U.S. refuses to reaffirm Population Agreement over HIV, abortion language
Officials from the Bush administration have refused to reaffirm the 1994 international Population Control agreement at the Fifth Asian and Pacific Population Conference being held in Bangkok, Thailand, in part because the Administration disagrees with the agreement's support of "consistent condom use" as a way to prevent HIV infection, The New York Times reports. The officials also oppose reproductive health and family planning language in the document, which they say could be construed as "promoting abortion." Administration officials are instead pushing for a change in the document's language to promote "natural" family planning methods and abstinence and monogamy as the preferred methods to prevent HIV infections. All other 60 member countries of the United Nations Economic and Social Commission for Asia and the Pacific support the original draft of the agreement.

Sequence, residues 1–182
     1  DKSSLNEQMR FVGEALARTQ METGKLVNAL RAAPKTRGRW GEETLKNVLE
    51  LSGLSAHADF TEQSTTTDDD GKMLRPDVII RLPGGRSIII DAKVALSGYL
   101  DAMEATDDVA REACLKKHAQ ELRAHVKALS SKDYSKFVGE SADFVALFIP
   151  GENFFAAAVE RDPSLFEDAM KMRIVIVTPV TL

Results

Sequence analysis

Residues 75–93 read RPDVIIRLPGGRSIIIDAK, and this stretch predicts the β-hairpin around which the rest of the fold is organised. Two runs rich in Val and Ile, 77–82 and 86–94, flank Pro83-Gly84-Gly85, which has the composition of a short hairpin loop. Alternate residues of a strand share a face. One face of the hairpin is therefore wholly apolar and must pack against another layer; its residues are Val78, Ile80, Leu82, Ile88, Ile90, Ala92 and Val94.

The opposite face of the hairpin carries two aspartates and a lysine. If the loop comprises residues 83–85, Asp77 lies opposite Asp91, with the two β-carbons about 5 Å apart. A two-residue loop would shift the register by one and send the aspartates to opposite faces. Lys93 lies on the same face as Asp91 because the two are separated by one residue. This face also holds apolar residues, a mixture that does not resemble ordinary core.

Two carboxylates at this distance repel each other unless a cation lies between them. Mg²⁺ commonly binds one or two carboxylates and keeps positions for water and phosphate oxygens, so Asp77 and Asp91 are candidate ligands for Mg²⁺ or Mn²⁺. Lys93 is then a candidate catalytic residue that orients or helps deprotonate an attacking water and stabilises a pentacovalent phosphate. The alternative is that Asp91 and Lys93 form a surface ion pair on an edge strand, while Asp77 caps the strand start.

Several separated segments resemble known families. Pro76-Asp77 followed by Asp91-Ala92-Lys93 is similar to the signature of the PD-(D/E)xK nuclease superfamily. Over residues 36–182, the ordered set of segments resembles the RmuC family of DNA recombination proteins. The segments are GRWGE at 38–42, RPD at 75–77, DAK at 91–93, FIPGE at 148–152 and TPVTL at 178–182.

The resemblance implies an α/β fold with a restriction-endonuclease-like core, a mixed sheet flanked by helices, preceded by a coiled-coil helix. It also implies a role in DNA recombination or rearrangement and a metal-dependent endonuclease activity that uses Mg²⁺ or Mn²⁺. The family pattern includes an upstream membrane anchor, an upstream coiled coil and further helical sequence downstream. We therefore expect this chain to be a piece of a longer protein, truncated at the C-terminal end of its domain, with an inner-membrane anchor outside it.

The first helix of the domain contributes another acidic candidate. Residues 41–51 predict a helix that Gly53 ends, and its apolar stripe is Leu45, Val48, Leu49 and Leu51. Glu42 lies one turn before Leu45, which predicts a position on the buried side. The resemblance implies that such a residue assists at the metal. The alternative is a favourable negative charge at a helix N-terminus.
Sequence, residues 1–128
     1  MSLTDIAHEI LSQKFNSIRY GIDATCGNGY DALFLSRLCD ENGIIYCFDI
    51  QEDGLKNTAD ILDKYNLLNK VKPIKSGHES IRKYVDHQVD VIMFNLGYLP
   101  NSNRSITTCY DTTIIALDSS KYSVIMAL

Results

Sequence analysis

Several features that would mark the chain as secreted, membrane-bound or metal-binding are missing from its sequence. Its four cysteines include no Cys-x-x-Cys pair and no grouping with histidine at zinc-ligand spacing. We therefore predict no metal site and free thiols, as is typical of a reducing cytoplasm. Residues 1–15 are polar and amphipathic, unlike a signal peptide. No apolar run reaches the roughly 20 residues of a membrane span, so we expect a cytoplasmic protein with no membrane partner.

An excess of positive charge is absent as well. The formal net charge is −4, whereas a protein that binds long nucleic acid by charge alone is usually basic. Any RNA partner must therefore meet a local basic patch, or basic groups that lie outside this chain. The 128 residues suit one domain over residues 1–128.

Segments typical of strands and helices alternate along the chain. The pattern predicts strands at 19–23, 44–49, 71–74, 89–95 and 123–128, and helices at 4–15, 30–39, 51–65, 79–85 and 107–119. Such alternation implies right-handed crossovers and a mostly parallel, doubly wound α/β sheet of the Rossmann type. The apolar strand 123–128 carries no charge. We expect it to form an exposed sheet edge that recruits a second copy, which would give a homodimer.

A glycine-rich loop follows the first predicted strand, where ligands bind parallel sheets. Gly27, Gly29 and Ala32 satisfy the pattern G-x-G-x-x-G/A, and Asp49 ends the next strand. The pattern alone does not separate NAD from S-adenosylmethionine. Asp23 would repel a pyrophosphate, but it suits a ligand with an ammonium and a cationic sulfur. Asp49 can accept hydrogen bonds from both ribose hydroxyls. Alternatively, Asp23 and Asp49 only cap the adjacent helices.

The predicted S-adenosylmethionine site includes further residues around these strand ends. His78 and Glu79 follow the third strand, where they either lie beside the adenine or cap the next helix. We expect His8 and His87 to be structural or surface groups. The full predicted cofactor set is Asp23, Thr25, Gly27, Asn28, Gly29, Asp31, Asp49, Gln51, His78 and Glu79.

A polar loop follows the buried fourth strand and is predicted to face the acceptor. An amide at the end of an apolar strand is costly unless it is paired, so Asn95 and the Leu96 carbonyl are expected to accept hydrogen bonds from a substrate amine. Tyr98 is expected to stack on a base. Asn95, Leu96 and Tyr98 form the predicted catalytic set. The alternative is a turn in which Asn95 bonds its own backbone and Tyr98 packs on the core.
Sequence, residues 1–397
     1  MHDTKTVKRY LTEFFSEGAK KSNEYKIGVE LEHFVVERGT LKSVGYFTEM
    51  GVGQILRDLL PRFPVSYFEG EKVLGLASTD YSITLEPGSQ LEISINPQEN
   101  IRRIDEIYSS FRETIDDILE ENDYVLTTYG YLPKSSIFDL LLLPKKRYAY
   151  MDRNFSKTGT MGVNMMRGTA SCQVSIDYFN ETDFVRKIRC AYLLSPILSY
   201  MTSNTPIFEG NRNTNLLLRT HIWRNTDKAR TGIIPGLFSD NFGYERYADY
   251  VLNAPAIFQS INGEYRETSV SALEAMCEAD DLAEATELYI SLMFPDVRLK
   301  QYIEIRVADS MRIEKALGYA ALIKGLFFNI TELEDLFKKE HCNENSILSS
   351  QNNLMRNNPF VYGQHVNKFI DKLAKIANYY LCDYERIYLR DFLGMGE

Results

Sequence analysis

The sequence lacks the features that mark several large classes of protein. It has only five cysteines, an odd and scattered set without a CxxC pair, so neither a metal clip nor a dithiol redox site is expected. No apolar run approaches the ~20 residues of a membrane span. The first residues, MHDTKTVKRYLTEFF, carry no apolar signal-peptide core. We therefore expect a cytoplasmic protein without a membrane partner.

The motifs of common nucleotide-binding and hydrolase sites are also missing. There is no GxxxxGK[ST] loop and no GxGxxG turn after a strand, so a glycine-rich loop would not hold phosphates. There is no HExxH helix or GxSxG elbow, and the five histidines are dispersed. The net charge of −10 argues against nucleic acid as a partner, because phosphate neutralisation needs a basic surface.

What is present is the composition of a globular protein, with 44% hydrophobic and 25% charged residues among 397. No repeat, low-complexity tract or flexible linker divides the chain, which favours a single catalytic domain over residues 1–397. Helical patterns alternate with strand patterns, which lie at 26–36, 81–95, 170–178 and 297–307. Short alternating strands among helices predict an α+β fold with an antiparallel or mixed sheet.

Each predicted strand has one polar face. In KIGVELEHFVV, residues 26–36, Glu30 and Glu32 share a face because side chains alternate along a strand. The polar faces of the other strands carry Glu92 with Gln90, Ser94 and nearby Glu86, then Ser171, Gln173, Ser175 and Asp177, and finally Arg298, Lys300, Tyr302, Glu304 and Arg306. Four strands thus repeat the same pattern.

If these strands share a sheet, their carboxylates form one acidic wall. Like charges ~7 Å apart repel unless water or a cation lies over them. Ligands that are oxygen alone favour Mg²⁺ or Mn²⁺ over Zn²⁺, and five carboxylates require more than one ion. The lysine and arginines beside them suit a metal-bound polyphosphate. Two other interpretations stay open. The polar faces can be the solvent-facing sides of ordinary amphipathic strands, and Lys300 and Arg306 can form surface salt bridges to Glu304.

According to Asian and European diplomats, the U.S. position has made it impossible for the conference to address other issues, such as HIV/AIDS prevention. "People hoped to discuss very practical, service-oriented things: how to develop services to deal with sexually transmitted infections, HIV/AIDS, how to do sex education," one Asian official told the Times. "People's frustration was that we're not able to discuss what we really want to discuss, because the United States insists on renegotiating key concepts, which we are not willing to do."
Critics of the U.S. stance allege that the Bush administration has attempted to change the plan language to "bolster its support" among Catholic and fundamentalist Christian voters. Attendees of the conference also said they were "stunned and amazed" that the U.S. delegates were attempting to dictate policy for parts of the world in which they have no experience or expertise in handling population-control and health issues.